How are you cooking your turkey? Where you live seems to influence how you prepare the Thanksgiving feast according to Google search trends.
As we do on many U.S. holiday, let’s take a look at some of the data gleaned from surveys and reports. How would you analyze this kind of data in your application?
In the South, smoke turkey had more searches via Google, while in the Northeast roast turkey got the nod. The Midwest split between roast and smoke turkey styles. Much of the West favored roast turkey, with a few states picking smoke turkey.
But you need more than even that humongous turkey to feed the extended family. You’ll also have turkey dressing, green bean casserole and mashed potatoes, based on trending Thanksgiving recipes.
Pumpkin pie gets the nod as the most searched pie in most of the country, though quite a few Southern states and the Northeast seem to favor apple. I’d be happy with both of them.
Of course, cooks who have favorite recipes won’t be searching, so take this data with a grain of salt.
Turkey Dinner with All the Fixings
That holiday dinner seems to be a tiny bit cheaper this year, according to a survey by statista.com. In 2015 the average cost for a 10-person Thanksgiving feast amounted to $50.11. This year it’s $49.87. The dinner includes turkey, bread stuffing, sweet potatoes, rolls with butter, peas, cranberries, a relish tray of carrots and celery, pumpkin pie with whipped cream, coffee and milk.
Thanksgiving Day Football Best Left to the Pros
Either before or after the Thanksgiving dinner, a bunch of us like to head outside for a game of football. But that might not be such a good idea. If you haven’t been exercising and stretching all year long, it’s time to stay on the sidelines.
The Consumer Product Safety Commission reports that Thanksgiving Day is the king of the football injury, according to an article by fivethirtyeight.com contributor Ben Casselman. While the number seems to be dropping, in 2014 about 550 Americans 25 and older went to the ER with injuries sustained playing football. That was down from more than 750 people in 2013. Just 4 years earlier, more than 1,400 people had to go to the ER for football injuries.
Another Million Travelers Add to Crowded Highways
But to feast on that holiday dinner, many of us need to travel to join the family. AAA projects that 48.7 million of us will journey 50 miles or more from home this Thanksgiving. That’s up 1 million from last year and the most since 2007. The holiday travel period started Wednesday, Nov. 23, and ends Sunday, Nov. 27.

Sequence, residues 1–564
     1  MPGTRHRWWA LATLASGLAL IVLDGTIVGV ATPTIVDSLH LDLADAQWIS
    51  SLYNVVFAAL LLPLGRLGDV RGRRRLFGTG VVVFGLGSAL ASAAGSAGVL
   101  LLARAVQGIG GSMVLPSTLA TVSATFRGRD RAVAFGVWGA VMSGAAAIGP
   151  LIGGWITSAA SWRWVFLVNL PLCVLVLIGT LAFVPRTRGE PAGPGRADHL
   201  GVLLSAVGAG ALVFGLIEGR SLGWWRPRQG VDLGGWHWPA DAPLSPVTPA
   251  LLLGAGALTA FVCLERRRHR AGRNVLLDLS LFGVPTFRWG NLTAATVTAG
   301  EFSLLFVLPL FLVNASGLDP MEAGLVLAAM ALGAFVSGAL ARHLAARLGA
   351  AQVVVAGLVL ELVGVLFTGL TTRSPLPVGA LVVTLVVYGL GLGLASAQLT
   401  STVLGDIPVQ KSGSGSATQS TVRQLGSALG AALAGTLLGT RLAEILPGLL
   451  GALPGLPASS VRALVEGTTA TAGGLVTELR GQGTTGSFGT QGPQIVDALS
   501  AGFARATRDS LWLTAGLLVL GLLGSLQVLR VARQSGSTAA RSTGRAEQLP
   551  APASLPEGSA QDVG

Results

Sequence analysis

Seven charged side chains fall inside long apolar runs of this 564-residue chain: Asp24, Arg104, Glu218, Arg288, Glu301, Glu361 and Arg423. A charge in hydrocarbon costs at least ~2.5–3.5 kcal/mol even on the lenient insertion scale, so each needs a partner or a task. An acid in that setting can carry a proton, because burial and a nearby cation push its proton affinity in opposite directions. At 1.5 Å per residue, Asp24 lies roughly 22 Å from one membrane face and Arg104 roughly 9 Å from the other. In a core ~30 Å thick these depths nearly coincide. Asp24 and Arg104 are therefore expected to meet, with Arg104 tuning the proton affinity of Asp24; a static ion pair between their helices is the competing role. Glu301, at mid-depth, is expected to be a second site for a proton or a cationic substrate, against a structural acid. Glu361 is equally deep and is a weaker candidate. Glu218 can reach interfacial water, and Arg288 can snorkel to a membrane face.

Most holiday travelers will be driving. AAA predicts more than 89 percent of them will be on the highways and streets.
Highway Fatalities Expected to Increase
You’re rushing home or to a relative’s house to make it in time after an exhausting day in a short work week. Later, you head home with little rest and having eaten way too much Thanksgiving dinner. Slow down and pull over when you feel sleepy so you and your family don’t become statistics.
The National Safety Council estimates that 437 people may die during the holiday travel period. That’s 12 percent more than the average number during the past 6 Thanksgivings. Another 50,300 serious injuries are predicted in motor vehicle-related crashes.
Holiday, Black Friday Sales to Rise
The National Retail Federation forecasts holiday sales will increase 3.6 percent to $655.8 billion in 2016. That’s an average of $938.58 spent per shopper. An article on thebalance.com figures that’s overly optimistic, as the NRF forecast was $4.4 billion too high last year.
A Bankrate survey says 28 percent fewer adults will shop in stores on Black Friday than in 2014. Sales will increase 2.6 percent over last year even though only 23 percent of adults will be out shopping. But 26 percent of adults plan to shop online, so the trend to shop online vs. in brick and mortar stores continues.
Maybe the ease of shopping online and avoiding the stress of the holiday crush in stores is the reason for more Black Friday spending. The Bankrate survey found consumers expect to spend $300 this year. That’s $100 more than in 2014.
Have a happy holiday and stay safe on the roads – and shopping in cyberspace. To avoid Black Friday and Cyber Monday shopping hackers, read this article by Network World’s Tim Greene.
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